Weird Blood was released by Cavity Search Records on November 17, 2017. It’s an intrinsic harmony of psychedelic finesse and the paranormal mundaneness of it all. From its teasing opener “Sweet Baba Jay,” the album opens up our ears and guards it well with the chords of Jerry Joseph’s war-torn triumph of hands and voice. It’s power, it’s original, it’s restraint. He holds our attention and gives us a very personal, no barred step-by-step tour into his soul with tracks like “Weird Blood” and “Think on These Things,” delivering us into our haunting, modern lullaby. The whole album sums up as a musical cross of orthodox anticipation and the lyrical meanwhile we live in.
“I rented a tiny house about a mile from my home so I could write but be home for dinner and kid bedtime. I ended up writing a fistful of songs. It was cold early January but a perfect place to write. Weird stuff was happening in general, one of those weeks where I had my copy of Black Star and David Bowie died,” Joseph recalls. “I tend to do the mad scribble thing when I write.”
When after a week of writing, Joseph arrived at Jackpot Studios, Schools was adamant they record all the new songs. They also recorded a couple written in Scotland, “Sweet Baba Jay” and “Late Heavy Bombardment” and a few that they’ve been performing, but had never recorded. “The past few years we’ve been trying to figure out album slots for some of the hundred originals that are part of our live repertoire but have never been recorded, like ‘Wild Wild West’ which has been around since the late 90s,” remarks Joseph. The “tiny house” songs became the core of Weird Blood.
SG: How did Weird Blood come about?
JJ: Basically, I had gone in to write a couple of songs. I needed two songs for a record. I rented one of those tiny, weird houses. I wrote a lot of songs in a couple of days. And we decided to make it into a whole new record.
SG: The habit of inspiration in today’s everyday life, how do we find it?
JJ: As an artist or human being? That sounds so naturally self centered and selfish almost, which is probably good for the occupation that I have. But as a father and a band leader, I think I just need to find out where my vulnerability is and to stick it out as far as I can.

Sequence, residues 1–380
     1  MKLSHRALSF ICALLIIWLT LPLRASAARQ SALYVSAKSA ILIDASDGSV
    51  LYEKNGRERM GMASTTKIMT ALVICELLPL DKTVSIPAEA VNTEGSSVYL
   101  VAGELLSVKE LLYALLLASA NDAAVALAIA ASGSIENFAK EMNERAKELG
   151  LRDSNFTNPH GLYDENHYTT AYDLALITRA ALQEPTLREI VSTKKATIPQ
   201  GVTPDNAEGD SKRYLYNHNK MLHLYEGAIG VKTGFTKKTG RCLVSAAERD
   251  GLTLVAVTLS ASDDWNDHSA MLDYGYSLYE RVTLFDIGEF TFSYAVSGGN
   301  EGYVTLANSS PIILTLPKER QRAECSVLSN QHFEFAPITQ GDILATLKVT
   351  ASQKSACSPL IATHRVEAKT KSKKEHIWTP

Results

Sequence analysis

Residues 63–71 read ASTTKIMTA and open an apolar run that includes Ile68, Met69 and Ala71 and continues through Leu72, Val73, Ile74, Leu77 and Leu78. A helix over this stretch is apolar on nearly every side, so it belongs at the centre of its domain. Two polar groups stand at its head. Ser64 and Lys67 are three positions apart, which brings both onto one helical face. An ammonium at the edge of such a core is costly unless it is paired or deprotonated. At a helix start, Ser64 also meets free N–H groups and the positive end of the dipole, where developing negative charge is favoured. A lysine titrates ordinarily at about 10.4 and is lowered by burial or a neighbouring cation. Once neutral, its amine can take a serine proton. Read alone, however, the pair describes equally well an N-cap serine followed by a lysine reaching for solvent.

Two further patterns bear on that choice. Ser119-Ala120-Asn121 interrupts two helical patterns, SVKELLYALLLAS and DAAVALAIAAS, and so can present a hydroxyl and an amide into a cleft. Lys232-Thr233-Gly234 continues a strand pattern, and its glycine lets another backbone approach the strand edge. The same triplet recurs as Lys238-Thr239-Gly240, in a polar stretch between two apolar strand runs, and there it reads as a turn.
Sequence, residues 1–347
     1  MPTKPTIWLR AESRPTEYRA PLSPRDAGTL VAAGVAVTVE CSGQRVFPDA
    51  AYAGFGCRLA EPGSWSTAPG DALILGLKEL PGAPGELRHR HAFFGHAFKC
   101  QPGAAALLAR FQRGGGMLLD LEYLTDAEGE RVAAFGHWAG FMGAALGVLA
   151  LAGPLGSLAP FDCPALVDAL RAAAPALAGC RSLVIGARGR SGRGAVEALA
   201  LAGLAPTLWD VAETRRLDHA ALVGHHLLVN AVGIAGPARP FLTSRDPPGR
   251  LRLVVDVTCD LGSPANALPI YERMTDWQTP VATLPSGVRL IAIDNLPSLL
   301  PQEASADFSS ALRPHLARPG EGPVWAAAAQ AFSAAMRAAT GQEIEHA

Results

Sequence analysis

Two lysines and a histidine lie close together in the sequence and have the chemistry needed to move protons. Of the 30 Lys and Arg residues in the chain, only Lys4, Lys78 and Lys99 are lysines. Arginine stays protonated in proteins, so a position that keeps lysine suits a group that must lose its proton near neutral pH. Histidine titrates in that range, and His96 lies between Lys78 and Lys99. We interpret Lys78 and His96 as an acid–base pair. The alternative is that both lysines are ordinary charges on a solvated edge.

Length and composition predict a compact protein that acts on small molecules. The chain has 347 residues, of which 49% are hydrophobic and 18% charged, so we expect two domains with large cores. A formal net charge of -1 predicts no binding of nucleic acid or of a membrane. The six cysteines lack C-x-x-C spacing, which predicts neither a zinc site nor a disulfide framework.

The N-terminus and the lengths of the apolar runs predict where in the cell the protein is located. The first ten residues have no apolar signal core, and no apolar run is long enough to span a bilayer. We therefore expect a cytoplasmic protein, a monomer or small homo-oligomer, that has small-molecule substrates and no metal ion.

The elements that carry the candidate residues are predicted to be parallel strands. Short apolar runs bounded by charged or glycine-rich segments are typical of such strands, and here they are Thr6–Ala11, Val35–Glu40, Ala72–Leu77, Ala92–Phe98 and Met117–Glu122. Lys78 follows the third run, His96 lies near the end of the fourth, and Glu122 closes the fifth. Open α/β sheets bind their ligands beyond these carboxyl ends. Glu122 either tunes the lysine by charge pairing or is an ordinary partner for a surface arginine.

SG: Who are your top 2 favorite artists?
JJ: Nick Cave and I’ve been listening to a lot this week. For some reason, I keep thinking of Christmas songs. I keep listening to Bjork and Massive Attack.
SG: If you could raise your family in a different place/country that you’ve toured? Which one would it be and why?
JJ: Berlin. And there’s a million reasons for that. I think it’s a super cutting edge city. But if I was going to take a year’s worth, I would go to South Africa because of its natural beauty. It’s like going to Australia. It’s gorgeous.
SG: The Good Samaritan through your modern lens:
JJ: My aunt Virginia, the nun. That’s when I started talking to her about politics. She turned out to be an activist nun. She was 92 when she died. It’s that combination of devotion to God and serving God constantly, and doing it quietly. it’s about as powerful as anything I wanted to do in my life which included billionaire philanthropists and rock stars. She lived a selfless life. I am going with my Aunt Virginia.
SG: Lastly, what’s your favorite line of lyric?
JJ: “Everything little thing she does is magic,” by The Police. It’s so simple, but so difficult to grasp. It’s like looking at a piece of abstract art and thinking “my five year old can do that,” but then someone turns around and says, “but you can’t.” For me, that’s the most elusive thing in songwriting: to do something that simple, but it resonates for everybody.